NKF officially launched its Caregivers Support Programme by setting up a Caregivers Support Group during its 41st anniversary celebration on 5 April 2010. This programme provides education and training, in particular, focusing on the family and the caregivers of patients.

The inaugural NKF Kidney Health Week took place from 5 to 11 July 2010 at Bishan Junction 8 Atrium. There were health screenings, kidney-related exhibits and various experiential activities that raised awareness of kidney diseases in the community and encouraged a healthier lifestyle.

NKF launched an employee engagement programme 5Cs – Commitment, Communication, Compassion, Collaboration and Consistency – to promote the right beliefs, attitudes and values in our NKF family culture and deliver quality patient care.

2011

A new programme “Grains of Hope” was launched on 5 April in conjunction with NKF’s 42nd anniversary celebration to provide basic food necessities such as rice, cooking oil and bee hoon to the neediest kidney patients bi-monthly.

With strong support from various individuals and organisations, NKF’s inaugural Charity Dinner held on 15 April 2011 raised $1 million in aid of needy kidney patients. Gracing the event was former President Mr S R Nathan.

Patients from the Contractors Association Limited (SCAL)-NKF Dialysis Centre which has ceased operations to make way for the Housing and Development Board’s en bloc redevelopment plans in Bukit Merah, was moved to a new dialysis centre, the Woh Hup-NKF Dialysis Centre in Ghim Moh, which began operations in July 2011.

NKF introduced the peritoneal dialysis (PD) Home Visit Service, which is part of NKF’s newly launched PD Community Support Programme, so trained nurses can visit patients in their homes to provide guidance and ensure proper self-management of treatment.

2012

NKF launched “Be an A.K. Giver” year-long campaign at the Ang Mo Kio-Hougang constituency’s Chinese New Year celebrations in January 2012. This is part of NKF’s public education cum fundraising initiative that aims to raise public awareness on the importance of a dialyser or Artificial Kidney (A.K.) in dialysis treatments to prolong the lives of kidney patients, and the need for more funds to sustain its dialysis programme.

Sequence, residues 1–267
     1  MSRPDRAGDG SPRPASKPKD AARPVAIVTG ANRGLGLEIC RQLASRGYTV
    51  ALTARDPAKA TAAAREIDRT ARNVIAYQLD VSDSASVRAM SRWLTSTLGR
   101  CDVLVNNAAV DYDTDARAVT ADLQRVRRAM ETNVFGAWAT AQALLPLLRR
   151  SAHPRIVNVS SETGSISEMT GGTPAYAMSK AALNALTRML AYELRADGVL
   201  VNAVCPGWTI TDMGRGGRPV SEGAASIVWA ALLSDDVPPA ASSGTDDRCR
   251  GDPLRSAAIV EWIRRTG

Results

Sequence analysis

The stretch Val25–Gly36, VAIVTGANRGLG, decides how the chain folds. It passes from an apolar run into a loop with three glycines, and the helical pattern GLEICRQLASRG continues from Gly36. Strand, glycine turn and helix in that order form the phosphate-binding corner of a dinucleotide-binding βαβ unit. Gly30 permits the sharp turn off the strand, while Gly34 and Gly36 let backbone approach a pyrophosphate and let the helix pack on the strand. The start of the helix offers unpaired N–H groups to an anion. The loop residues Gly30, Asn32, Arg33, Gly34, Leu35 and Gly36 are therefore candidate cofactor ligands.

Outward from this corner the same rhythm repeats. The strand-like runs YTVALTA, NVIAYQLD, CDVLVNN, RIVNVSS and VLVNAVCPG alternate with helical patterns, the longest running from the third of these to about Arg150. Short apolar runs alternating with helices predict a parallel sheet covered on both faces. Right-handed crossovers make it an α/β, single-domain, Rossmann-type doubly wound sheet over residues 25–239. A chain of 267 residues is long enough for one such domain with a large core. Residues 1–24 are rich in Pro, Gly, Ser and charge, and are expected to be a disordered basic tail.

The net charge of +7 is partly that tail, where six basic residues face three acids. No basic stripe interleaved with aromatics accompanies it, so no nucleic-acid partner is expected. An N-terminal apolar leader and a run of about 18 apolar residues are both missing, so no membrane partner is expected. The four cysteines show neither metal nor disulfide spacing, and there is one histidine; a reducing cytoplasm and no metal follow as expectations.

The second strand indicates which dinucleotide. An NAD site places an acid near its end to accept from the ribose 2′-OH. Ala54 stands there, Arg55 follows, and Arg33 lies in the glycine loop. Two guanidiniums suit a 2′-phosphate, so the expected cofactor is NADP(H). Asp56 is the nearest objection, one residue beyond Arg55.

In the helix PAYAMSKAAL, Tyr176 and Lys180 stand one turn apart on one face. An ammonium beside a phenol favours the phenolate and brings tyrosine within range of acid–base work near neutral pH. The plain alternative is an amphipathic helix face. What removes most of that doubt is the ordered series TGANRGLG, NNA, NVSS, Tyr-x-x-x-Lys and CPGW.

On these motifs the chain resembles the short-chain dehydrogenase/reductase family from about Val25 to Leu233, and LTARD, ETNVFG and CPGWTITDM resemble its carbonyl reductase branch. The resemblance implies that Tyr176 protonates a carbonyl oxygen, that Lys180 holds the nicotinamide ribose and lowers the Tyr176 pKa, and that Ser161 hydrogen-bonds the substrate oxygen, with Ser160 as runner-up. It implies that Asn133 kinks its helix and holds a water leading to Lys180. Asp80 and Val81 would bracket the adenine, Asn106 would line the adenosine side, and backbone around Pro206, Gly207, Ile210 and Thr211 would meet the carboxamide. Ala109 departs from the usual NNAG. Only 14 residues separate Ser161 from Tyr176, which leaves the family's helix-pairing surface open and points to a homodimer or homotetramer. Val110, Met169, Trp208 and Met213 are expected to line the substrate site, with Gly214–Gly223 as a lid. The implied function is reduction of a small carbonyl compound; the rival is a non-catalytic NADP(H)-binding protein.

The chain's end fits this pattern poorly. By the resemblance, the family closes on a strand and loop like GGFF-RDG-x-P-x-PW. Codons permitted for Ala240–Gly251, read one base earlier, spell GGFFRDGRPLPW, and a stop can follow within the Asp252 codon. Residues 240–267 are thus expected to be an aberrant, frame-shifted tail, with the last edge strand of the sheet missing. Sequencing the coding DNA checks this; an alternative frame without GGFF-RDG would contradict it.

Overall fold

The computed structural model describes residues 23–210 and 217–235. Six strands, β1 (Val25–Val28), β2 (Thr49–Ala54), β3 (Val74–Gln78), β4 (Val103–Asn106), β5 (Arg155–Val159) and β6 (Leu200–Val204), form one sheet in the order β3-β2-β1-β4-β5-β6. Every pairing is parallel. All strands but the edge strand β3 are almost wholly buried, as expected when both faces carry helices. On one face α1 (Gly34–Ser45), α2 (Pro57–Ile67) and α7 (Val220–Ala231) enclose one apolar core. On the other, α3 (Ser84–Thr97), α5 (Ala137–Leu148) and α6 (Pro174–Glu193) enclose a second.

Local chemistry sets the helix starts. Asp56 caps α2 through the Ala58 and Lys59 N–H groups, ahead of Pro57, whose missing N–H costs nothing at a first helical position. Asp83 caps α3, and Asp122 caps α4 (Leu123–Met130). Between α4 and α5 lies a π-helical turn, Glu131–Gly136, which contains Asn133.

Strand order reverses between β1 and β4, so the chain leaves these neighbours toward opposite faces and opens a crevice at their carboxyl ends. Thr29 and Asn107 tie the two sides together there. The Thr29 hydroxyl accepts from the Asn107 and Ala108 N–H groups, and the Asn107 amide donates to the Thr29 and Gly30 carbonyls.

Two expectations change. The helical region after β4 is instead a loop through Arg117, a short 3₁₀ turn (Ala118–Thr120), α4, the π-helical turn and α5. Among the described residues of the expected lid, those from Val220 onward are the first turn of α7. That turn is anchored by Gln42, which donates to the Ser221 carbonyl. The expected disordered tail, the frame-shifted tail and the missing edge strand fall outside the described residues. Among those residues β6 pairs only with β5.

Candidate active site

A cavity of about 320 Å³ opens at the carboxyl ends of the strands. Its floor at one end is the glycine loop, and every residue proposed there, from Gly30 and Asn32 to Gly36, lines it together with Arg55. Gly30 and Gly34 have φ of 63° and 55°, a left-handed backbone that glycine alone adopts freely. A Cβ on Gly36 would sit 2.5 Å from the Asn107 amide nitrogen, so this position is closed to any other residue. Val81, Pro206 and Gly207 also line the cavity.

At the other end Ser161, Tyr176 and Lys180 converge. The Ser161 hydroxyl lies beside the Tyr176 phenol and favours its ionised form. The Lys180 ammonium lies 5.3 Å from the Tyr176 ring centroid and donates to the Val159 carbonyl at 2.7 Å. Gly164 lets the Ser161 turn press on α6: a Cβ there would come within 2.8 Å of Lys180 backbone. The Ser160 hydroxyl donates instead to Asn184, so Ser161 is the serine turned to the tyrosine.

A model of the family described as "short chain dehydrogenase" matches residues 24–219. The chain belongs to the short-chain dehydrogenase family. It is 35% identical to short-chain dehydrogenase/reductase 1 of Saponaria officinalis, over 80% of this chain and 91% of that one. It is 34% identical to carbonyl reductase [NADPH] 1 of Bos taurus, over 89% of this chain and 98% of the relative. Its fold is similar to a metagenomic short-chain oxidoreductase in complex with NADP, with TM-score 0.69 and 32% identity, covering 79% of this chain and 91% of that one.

NKF’s 1st Scientific Meeting held on 4 Feb 2012 showcased the research work and findings of the completed projects supported by Venerable Yen Pei –NKF Research Fund, founded by NKF’s late visionary philanthropist, Venerable Yen Pei.

The Woh Hup-NKF Dialysis Centre was officially opened on 26 February 2012. Dr Vivian Balakrishnan, Minister for the Environment and Water Resources and MP for Holland – Bukit Timah GRC was the Guest-of-Honour at the event.

During the opening, NKF announced its partnerships with Tzu Chi Foundation to extend free dental services, including comprehensive consultations, fillings, extractions, scaling and denture-making services to NKF’s needy patients.

NKF mourned the passing of its Founder, the late Professor Khoo Oon Teik, on 5 March 2012. The late Prof Khoo is widely considered the “Father of Nephrology in Singapore”. The Kidney Discovery Centre (KDC) at the NKF headquarters was officially opened by Guest-of-Honour, Dr Amy Khor, Minister of State for Health on 3 April 2012 as part of the 43rd anniversary celebrations, housing hands-on and interactive exhibits to create awareness among the public, especially the young, on the prevention and early detection of kidney diseases.

The Young/Little Champs Programme was launched with the aim of strengthening the abilities of young leaders and to inspire them to make a difference to their community and the lives of kidney patients.

The inaugural carnival “Lighting Up Lives”, which was held at Marina Barrage on 16 September 2012 as part of NKF’s “Be an A.K. Giver” campaign, attracted corporate sponsors, volunteers and members of the public. The Guest-of-Honour of the event was Mr Sam Tan Chin Siong.

In October 2012, NKF received our largest donation from a living individual in 13 years. Mr Kasmadi Melati, who celebrated his birthday in October, felt it was timely to contribute back to the needy in society and generously donated $1 million in aid of kidney patients.

The “NKF Singapore” Facebook page was launched to engage the community and provide information on key events and kidney health as well as reach out to volunteers for support.

Taking over the NKF chairmanship on 29 October 2012 from Mr Gerard Ee was Mr Koh Poh Tiong, who joined NKF as a Board Director on 22 May 2012. Mr Koh had retired as Chief Executive Officer of Fraser & Neave Limited (Food & Beverage Division).”

2013